While there have been many advances for women in sport over recent years, there is definitely work still to be done for a truly equitable, inclusive environment for all women, especially in Para sport.
To mark International Women’s Day, we asked a few leaders within the Canadian Paralympic community to share their thoughts on how we can embrace equity for women in sport.
Below are some of their messages:
Erica Gavel – Chair, Canadian Paralympic Athletes’ Council / Rio 2016 Paralympian, Wheelchair Basketball
“While the current sport landscape has done a reasonable job in breaking down barriers regarding equity and women in sport, there is still room to improve, particularly in Paralympic sport. Given the discrepancy of male to female athletes at the Paralympic Games, how hard it can be for females to enter and progress in sports administration or science, and the lack of female head coaches, we can embrace equity by creating developmental and mentorship opportunities for women across all disciplines. I am hopeful that things are only going to get better, and better.”
Judy Joseph-Black – Canadian Paralympic Committee Board of Directors / Longtime Sports Administrator
“We can embrace equity for women in sport by listening and empowering women who strive to be the best. It takes a strong community of women to hold women high. Let's work together to create safe spaces for women to grow. Let's work on caregiver policies for women coaches, athletes, and sport administrators so women can choose to have a family AND a career in sport. Let's listen to newcomer's voices and create programs that are inclusive. Let's be innovative and outside-the-box thinkers and engage women in decision making positions. Let's picture a future where women in sport feel valued, heard, and happy in a career that makes them feel fulfilled.”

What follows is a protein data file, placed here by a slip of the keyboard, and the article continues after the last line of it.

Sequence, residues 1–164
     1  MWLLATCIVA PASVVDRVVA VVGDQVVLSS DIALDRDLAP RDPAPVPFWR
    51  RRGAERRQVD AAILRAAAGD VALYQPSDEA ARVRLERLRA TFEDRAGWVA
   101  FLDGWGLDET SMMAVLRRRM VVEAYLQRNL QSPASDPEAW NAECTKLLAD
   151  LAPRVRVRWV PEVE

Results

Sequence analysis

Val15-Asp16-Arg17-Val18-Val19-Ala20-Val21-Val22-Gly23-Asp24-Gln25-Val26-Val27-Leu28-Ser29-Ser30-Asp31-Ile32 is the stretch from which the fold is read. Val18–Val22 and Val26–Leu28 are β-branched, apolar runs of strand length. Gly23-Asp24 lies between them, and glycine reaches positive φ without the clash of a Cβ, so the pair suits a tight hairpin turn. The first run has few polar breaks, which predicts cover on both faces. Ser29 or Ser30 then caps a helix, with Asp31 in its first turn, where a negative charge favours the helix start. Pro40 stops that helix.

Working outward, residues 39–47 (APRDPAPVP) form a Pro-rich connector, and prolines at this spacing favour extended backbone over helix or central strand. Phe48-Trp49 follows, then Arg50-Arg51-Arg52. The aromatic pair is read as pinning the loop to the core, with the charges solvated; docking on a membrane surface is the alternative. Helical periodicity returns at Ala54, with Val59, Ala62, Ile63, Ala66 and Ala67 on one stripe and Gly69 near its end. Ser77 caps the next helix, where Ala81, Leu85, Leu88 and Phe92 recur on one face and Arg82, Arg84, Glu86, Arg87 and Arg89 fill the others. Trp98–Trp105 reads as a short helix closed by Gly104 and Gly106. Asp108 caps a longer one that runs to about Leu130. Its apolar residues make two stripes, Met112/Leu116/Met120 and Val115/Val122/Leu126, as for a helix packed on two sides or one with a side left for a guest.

Amy Burk – Four-time Paralympian, Goalball / Member of the Canadian Paralympic Athletes’ Council
“As we continue to strive for gender equity here in Canada, we need to make sure we are including everyone. We have such amazing female athletes who are good role models and inspiration for our younger girls. We need more coverage of women’s sports so that these younger girls can see what is out there and what they can do. This is just as important, if not more, for our Para athletes. Para sport is not as easily available as able-bodied sport, and we need to show the younger generations what is out there for them.
Canadian female athletes are absolutely crushing it on the international stage, and this should be shared from coast to coast to coast.
While we continue to fight for equity across the board for women's sports, I believe we also need to end the stigma that male athletes are more superior and deserve more. We train just as hard as our male counterparts and deserve the same that’s offered to male athletes.
While we are indeed moving in the right direction, we could be doing so much better.”
Gail Hamamoto – Vice-President, Canadian Paralympic Committee / Longtime Sports Administrator
“On International Women's Day, embracing equity for women in sport requires that we understand how intersectionality influences individual experiences and barriers to inclusion for women and girls. Whether it is an athlete who lives with a disability, a coach who is a nursing mother, or a participant who is a newcomer to Canada, each person should feel supported, welcome, and safe in sport.”
Marni Abbott-Peter – Four-time Paralympian & Three-time Paralympic Champion, Wheelchair Basketball / Coach
“In order to embrace equity for women in sport, particularly in Para sport, it is important to understand the specific barriers we face as female athletes and coaches with disabilities. True inclusion requires more than one approach, but a fair distribution of resources is a great starting point.”